The secular world thinks of summer in terms of Memorial Day, the Fourth of July, and Labor Day. For Russian Orthodox (at least on the East Coast), summer is related to Pentecost, St. Vladimir’s Day, and St. Job of Pochaev (…well, in this case, also Labor Day).
St. Vladimir’s Memorial Church in Jackson, New Jersey, has been commemorating its patron saint in the summer for over seven decades. Not only does the day commemorate the Russian Church’s great forefather, the Great Prince and Peer of the Apostles, it also by extension celebrates all the Russian saints who have shown forth in the past millennium. Orthodox faithful from all over the East Coast make a pilgrimage to Jackson for the feast.
Jordanville is an integral part of the festivities. Our seminary’s founder, Archbishop Vitaly of blessed memory, made it a point to bring the Pochaev Icon of the Mother of God from the monastery every year. Young seminarians came every year to sell books and icons. Apparently Fr. Serge Ledkovsky liked it so much that he eventually became the rector of the parish.
I just wanted to get out for the weekend. Last weekend I was out and about in Long Island for Misha Perekrestov’s wedding. Now I got to travel some more for a book selling expedition. We packed over $10,000 worth of goods into a big white van, and carefully placed the Pochaev Icon, protected by a large wooden case, in the back seat.
Pete and Kate rode separately in their own car. I went in the white van with Novice Victor, who rarely went out of the monastery and thus found the trip to be a special treat. It was difficult getting to and from Jackson, because the GPS kept taking us places we didn’t want to go. However, once we were there it was very pleasant.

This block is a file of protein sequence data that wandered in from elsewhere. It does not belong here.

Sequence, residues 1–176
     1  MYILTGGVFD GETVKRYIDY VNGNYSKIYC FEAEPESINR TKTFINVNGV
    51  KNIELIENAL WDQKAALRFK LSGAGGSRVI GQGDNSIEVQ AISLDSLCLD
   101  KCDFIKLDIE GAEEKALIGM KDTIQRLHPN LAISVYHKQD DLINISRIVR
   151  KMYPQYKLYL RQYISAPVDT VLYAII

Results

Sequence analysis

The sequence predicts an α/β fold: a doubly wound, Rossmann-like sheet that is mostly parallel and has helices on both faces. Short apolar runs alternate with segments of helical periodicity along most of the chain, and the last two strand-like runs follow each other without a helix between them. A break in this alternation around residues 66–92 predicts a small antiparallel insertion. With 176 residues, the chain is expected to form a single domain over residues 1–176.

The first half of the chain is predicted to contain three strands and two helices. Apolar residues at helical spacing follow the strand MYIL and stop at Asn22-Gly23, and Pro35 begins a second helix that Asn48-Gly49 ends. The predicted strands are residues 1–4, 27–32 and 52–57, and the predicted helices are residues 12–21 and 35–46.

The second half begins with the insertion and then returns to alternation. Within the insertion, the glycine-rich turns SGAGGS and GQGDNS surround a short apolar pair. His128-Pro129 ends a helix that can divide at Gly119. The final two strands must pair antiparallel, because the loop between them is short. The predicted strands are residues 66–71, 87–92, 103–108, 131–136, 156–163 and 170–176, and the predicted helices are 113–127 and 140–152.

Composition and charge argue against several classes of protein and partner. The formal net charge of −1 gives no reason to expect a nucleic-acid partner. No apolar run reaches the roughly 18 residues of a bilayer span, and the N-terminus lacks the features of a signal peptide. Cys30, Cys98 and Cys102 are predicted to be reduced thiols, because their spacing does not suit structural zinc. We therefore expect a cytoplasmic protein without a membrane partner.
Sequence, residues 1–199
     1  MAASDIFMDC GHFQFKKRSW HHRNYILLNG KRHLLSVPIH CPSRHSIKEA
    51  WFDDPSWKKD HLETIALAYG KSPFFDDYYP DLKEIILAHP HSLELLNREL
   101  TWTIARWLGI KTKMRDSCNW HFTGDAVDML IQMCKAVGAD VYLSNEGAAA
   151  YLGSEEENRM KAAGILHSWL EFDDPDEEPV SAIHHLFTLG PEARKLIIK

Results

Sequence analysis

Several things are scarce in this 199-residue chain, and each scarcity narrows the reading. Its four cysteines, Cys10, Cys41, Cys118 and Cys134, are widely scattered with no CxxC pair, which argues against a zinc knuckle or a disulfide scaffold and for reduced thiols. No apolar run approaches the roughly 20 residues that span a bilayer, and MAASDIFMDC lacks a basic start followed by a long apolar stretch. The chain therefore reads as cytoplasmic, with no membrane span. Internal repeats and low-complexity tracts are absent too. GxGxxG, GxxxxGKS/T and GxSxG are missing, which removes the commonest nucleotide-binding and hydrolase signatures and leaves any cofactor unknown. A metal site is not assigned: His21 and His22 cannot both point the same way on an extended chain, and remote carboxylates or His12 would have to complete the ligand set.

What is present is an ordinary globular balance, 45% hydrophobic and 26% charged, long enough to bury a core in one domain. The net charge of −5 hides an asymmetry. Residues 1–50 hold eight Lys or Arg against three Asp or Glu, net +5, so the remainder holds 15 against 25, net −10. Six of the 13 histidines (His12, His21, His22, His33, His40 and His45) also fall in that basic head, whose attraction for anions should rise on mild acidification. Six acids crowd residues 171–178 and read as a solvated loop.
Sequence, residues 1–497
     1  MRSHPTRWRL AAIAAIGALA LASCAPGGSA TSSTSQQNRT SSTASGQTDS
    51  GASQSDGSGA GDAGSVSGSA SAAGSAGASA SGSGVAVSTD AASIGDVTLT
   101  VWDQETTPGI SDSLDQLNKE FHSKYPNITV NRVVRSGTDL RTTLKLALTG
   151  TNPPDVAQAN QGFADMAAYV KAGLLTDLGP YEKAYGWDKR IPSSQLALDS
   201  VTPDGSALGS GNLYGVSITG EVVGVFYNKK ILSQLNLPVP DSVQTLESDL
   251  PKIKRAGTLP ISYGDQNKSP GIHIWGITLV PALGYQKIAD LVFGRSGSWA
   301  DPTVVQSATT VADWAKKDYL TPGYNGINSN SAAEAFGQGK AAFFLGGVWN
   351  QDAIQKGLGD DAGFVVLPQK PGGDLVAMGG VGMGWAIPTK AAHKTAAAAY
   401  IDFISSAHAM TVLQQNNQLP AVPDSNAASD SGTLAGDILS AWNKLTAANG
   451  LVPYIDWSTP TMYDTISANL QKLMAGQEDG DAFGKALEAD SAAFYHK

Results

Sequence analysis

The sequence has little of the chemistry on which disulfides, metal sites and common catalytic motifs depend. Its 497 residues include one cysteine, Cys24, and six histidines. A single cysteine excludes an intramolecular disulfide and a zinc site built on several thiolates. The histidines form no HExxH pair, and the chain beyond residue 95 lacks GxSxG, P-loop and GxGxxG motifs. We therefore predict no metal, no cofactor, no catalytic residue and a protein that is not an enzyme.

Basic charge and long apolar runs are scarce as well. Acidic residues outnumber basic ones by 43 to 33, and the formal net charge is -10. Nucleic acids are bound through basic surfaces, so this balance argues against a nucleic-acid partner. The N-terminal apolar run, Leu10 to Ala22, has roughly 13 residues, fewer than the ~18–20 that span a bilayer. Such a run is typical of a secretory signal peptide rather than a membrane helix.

Br. Victor and I went to Vigil and afterwards stayed a little while to help clean the church. Then, we went to dinner at Fr. Serge’s, where none other than Metropolitan Hilarion, our First Hierarch, was at the head of the table with Bishop George and a conference* of clergy. I bashfully set myself at a corner, while Matushka and Boulia (Elizabeth), Fr. Serge’s sister (and organizer of the Rachmaninoff festival), served us. The food was good and the company even better. Towards midnight, a few of us were singing Russian folk songs with the Metropolitan, who held an iPhone in his hand with the lyrics for us to see.
The next morning, I helped Peter set up our booth outside the church. He then let me go inside for the Liturgy in time for the Epistle while he managed the booth. After the service I went back to help him, managing to escape a cross procession.
The atmosphere was certainly festive in more ways than one. Several booths stood in the church parking lot, selling food, drink, icons, and more. Inside the church hall a celebratory banquet was underway. Close to our booth was a tent where the Russian equivalent of Captain & Tennille sang a mixture of Russian, English, and Spanish (!) ballads. Several babushki randomly started to dance to the music, followed in spurts by younger people.
As the afternoon went on, the number of customers began to dwindle, and it was time to pack up. Though not as impressive as in the “good old days,” sales were decent. Plus, I got to see a few old friends like Felipe, Jordanville alum and the man who introduced me to the caipirinha. I also got to see Fr. Deacon Paul Drozdowski and his family. Fr. Paul, a follower of the Fr. Cyprian/Jordanville school of icon painting, is a quite accomplished iconographer and illustrator.
Fr. Paul expressed his wishes to me of having next year’s St. Vladimir’s Day be a much bigger affair. Perhaps the Youth Choir, a.k.a. Cooley and the Gang, and the Seminary Choir could show up. Next summer marks the 75th anniversary of the parish, so I hope that Fr. Paul’s dream will come true.
*I believe this is the appropriate name for a group of clergy.